We were off to the blogging/listserv races. Since then, I have received dozens of faculty responses, public and private, mostly along these lines: "Hell, Michael deserves this because he in effect endorsed Gonzales" to "Man, I disagree with his choice of friends but he clearly has the right to choose his friends" with all the degrees along this spectrum. The most vociferous have accused me of war crimes, guilt by association, and the like. The most cutting mistook my reluctance to respond further to each iteration as thin-skinned aloofness: "And it is really too bad that some people can be talked into shutting up or walking away just because their feelings get hurt."
A few lawyer friends and family members weighed in, uniformly positive, and reminding me how much they always disagreed with me on various matters. A few whose voting behavior I did not know revealed themselves as Republicans, and assuming I was counting them among the three I had thought I had; overnight, my Republican posse doubled.
After a week of this, I am astounded that people do not see the difference between friendship and politics. It is not often I need to guard my left flank; this whole thing has me baffled, and somewhat amused. I feel like I am in a Mark Twain novel, looking down at my own funeral from the church balcony.
In an odd way, this whole thing has been salutary -- being slimed by some of these folks in public actually helps (such as the "war criminal" calumny from one bozo who has kept carping), but some of the scorchers I have received (in English and Spanish) were of more interest to me. For example, a professor whose work I have always admired wrote me: "Michael, for what it's worth, I think that you are you entitled to have whatever friends you want to have, and to maintain your friendship despite some political disagreements. But further, such disagreements can deepen real friendships, and when the one or both of the friends are important political actors, maintaining the friendships can also improve national politics by giving those actors access to different information and opinions than they might get from their toadies."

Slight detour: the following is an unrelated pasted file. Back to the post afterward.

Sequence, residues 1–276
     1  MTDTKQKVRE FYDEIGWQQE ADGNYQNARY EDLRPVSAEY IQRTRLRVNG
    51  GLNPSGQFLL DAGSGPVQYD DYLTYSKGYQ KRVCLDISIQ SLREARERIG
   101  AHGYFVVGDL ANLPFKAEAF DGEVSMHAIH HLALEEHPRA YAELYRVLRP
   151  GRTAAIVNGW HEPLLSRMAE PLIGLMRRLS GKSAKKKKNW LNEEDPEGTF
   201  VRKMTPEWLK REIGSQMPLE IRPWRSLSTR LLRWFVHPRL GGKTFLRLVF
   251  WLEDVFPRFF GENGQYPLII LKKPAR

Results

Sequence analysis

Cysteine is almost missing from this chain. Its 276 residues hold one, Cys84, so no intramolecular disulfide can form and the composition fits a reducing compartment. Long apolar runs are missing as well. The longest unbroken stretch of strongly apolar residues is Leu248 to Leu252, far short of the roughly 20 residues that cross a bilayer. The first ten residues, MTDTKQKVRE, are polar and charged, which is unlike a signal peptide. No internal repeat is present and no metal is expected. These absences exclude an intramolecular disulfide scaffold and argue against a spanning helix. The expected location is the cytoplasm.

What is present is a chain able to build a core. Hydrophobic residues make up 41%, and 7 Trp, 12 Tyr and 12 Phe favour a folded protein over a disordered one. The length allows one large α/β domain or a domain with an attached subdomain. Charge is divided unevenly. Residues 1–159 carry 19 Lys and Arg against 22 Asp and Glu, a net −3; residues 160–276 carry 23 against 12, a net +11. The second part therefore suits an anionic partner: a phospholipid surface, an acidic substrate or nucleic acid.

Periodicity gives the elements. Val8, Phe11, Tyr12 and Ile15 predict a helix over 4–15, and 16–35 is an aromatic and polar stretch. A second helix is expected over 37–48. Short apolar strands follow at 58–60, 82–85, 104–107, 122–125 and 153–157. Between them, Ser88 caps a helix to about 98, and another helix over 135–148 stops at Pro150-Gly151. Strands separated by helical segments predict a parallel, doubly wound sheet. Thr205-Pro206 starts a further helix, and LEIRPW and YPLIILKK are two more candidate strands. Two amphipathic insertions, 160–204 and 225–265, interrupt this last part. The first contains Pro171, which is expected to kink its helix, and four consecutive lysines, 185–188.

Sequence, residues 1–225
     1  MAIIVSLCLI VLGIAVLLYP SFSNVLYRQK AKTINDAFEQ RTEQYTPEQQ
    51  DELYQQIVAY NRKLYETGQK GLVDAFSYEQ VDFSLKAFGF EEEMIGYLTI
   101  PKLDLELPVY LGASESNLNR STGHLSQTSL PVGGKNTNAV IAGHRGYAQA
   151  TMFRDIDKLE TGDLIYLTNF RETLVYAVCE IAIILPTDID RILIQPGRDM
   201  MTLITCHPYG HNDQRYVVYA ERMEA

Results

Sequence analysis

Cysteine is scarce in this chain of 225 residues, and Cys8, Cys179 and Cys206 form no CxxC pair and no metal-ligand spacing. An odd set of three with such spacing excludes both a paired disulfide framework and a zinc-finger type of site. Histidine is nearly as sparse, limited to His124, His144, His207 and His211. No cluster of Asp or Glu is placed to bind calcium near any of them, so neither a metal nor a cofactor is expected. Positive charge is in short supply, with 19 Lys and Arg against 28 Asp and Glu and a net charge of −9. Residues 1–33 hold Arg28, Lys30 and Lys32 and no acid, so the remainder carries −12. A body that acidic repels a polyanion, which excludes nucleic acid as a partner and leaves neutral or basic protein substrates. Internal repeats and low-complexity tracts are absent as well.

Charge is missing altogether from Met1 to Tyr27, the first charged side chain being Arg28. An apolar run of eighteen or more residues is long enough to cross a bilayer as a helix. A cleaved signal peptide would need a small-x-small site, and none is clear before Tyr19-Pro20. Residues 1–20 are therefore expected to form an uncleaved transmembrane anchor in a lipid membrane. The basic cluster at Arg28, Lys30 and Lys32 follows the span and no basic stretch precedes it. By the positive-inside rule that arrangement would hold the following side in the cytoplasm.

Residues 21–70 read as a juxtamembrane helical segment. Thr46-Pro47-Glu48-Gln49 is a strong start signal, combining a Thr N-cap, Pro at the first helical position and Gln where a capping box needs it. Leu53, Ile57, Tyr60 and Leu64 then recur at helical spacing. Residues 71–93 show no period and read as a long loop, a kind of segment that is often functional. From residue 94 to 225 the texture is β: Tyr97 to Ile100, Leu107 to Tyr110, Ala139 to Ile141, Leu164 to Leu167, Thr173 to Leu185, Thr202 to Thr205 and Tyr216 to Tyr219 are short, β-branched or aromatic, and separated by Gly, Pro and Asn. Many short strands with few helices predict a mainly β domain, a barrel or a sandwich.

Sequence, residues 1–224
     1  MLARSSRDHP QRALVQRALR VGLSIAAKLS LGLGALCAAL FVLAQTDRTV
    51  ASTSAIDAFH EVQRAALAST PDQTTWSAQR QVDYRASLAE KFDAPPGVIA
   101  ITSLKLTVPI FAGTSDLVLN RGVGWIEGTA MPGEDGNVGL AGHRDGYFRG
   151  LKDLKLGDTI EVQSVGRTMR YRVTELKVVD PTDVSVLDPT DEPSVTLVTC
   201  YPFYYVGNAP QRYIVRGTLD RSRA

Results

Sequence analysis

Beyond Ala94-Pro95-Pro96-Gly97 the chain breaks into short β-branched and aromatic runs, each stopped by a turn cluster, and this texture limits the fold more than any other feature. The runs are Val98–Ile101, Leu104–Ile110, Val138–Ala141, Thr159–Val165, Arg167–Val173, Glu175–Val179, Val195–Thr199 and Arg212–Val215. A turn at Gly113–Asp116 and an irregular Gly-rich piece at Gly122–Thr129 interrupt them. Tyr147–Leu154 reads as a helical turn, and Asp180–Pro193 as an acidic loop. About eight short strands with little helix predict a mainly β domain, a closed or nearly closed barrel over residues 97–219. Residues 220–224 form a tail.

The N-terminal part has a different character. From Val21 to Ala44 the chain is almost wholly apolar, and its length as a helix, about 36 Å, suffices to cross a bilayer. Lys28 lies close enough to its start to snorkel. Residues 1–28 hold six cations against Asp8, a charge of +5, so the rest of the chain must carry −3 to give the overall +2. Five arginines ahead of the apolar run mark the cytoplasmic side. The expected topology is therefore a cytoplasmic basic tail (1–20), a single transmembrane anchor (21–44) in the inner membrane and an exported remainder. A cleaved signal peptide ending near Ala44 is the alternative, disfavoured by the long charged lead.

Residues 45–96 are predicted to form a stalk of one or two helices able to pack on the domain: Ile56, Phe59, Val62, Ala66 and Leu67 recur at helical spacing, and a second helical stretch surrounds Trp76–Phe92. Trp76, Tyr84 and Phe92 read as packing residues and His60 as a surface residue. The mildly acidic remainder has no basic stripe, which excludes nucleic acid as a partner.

That is my story and I am sticking to it. I am the oldest of 10 children, and we disagree all the time. How could it be otherwise with friends and colleagues?
At the end of the day, I have come to believe that Al Gonzales is probably more worried than I am about our friendship ruining reputations, now that he has been outed as my friend. The whole imbroglio with the nomination of Harriet Miers shows that Republicans can be fickle with friendships and affiliations, but I work hard to keep my friends. And as a postscript, the then-University of Houston president who hired me and with whom I have stayed in touch over the years, Barry Munitz, was in the news this week over the situation at the Getty Trust, where he resigned as president. I do not know Barry's political affiliations, but it has been a tough week for my few friends in high places.
But I will say this: when he returns to Houston, it is Al Gonzales' turn to buy.
Michael A. Olivas
Michael A. Olivas is the William B. Bates Distinguished Chair in Law at the University of Houston Law Center.
It should not be the case that a victory for the Department of Defense is a defeat for academic freedom, but such is the outcome of Rumsfeld v. FAIR, which the U.S. Supreme Court decided Monday in an 8-0 ruling favoring the government.
FAIR is the Forum for Academic and Institutional Rights, a group of prominent law schools whose policies forbid discrimination based on sexual orientation and other factors. FAIR sought to restrict, not prevent, military recruitment because the military’s discriminatory policy of “don’t ask, don’t tell” is aimed at gays and lesbians.